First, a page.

I'm off to the American Literature Association conference in San Francisco next week. I don't think this is a conference I've ever been to, at least as a participant (I seem to vaguely recall dropping by one of their meetings in Baltimore a million years ago, for what reason I can't imagine). Am I remembering rightly, or is this the association set up in explicit opposition to the MLA's rampant theory-binge of the 1980s (still ongoing, happily)? At any rate, I'm on a tightly organized panel about biographical approaches to 20th-century poets, along with biographers of Kenneth Rexroth & Denise Levertov. It should be fun; not an awful lot of alt-poetry types there, but I'm sure I'll run down a fair number of people I know (feel free to drop a line – let's do lunch, or coffee). And after all, it's San Francisco, for heaven's sake. How can one not have a good time?
My biggest regret is that our panel seems to be scheduled opposite a panel of homages to the late Burt Hatlen, which I'd dearly love to attend, if only to show my gratitude to the big man.
Another symptom of middle-aged drain-circling: back pain, not debilitating, not even really chronic, but occasional & irritating. I suspect it has something to do with sitting reading & writing 8 or 10 hours a day in ergonomically disastrous chairs. But I've always been fascinated by the phenomenon of the "stand-up" desk, used – as manufacturers will tell you endlessly, by Thomas Jefferson, Goethe, Virginia Woolf, Winston Churchill, all the way down to those contemporary luminaries Philip Roth & Donald Rumsfeld. You can google all the purported health benefits (posture, energy levels, etc); the one that struck me – aside from the overwhelming reports of decreased back stress – was a base metabolic benefit of 60 extra calories burned per hour – just by standing. Which doesn't sound like much, but that's 240 calories every 4 hours – extrapolate it out.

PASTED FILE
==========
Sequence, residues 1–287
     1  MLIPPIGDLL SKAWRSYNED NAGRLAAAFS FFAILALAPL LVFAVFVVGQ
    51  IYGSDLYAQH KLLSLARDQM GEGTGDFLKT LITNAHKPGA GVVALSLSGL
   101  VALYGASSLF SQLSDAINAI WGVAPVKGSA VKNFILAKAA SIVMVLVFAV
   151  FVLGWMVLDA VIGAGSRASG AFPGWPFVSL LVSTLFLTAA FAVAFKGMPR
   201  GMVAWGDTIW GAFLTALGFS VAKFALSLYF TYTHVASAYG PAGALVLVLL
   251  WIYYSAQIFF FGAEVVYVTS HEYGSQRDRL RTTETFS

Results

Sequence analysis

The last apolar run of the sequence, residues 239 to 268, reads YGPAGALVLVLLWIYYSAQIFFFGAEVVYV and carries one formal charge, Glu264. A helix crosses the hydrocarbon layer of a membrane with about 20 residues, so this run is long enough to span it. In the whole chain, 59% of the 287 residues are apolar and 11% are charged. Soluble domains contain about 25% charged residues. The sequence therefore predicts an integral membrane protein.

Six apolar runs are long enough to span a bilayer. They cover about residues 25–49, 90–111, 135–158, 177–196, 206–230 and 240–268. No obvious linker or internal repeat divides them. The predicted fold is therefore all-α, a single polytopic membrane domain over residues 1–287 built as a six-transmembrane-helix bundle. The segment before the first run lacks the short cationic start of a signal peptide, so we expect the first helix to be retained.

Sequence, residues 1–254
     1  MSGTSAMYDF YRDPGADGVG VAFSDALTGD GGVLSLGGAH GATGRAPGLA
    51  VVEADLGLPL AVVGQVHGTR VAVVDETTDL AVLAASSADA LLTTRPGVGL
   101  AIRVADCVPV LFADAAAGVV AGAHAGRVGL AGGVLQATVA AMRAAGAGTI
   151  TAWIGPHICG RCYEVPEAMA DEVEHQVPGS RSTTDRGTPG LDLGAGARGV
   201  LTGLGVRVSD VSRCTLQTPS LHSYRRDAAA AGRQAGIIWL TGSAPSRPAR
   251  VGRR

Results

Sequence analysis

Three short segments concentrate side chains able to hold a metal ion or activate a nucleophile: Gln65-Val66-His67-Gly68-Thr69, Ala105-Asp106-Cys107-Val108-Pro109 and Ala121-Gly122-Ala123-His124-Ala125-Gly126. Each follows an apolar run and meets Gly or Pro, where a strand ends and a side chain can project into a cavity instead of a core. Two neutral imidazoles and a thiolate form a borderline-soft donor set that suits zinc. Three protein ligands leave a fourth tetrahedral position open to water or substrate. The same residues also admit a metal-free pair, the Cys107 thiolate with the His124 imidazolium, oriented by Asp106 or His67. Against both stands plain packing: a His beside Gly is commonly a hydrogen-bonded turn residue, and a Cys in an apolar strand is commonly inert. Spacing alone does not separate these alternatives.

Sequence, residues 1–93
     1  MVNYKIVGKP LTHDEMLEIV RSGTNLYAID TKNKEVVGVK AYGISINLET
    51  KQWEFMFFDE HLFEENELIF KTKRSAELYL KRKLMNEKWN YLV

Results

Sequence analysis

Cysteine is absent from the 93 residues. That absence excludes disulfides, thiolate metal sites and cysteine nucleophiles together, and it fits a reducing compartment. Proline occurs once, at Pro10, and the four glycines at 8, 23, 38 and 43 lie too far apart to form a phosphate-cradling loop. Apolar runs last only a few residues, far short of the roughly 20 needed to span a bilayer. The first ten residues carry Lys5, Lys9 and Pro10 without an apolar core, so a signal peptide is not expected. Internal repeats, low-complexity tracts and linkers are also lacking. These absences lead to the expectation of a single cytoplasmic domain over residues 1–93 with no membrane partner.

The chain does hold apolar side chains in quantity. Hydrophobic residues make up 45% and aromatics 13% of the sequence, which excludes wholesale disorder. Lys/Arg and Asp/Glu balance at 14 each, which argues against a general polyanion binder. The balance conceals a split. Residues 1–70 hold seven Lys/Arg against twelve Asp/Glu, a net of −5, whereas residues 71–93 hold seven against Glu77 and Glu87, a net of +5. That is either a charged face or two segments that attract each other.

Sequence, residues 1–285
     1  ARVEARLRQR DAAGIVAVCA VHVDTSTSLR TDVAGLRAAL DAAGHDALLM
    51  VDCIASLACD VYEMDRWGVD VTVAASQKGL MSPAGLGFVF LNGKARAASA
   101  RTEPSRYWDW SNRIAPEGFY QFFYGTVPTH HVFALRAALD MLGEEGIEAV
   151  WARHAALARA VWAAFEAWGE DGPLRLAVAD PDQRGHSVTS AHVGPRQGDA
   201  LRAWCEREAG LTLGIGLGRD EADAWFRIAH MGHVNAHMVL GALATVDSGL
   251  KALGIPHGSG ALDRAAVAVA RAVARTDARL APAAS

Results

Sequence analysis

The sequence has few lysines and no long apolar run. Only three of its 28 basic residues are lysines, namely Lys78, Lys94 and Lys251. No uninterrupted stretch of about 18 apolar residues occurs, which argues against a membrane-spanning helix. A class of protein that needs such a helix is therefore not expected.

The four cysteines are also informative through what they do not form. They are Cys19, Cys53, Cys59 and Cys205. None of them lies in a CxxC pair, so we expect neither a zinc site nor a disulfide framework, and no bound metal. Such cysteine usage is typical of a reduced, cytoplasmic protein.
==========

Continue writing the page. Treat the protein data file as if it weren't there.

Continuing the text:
I wasn't about to pay the outrageous prices the whole desk-thingies are fetching online these days, nor did I want to shell out $70 or more for a plain old tabletop lectern. (I did consider stealing one from a classroom in Our Fair University, but when I reflected how difficult it's been to get one to teach at lately...) So I cleaned the cobwebs off my hunter-gatherer-manly-arts-of-tinkering-with-power-tools skills, and you can see the results above: yes, my very own homemade (from nothing more than scraps of lumber hanging about the house & environs) tabletop lectern, complete with broad working surface & that little "lip" do-jobber at the bottom to keep your pen from rolling off. Once the spar varnish dries – I was gonna jump right in to using it, but reflected that if I wanted to paint up there, it'd be impossible to get the splatters off untreated wood – I expect to be well on the road to a slimmer, better-postured, dashing poet-scholar me. I'll keep you posted.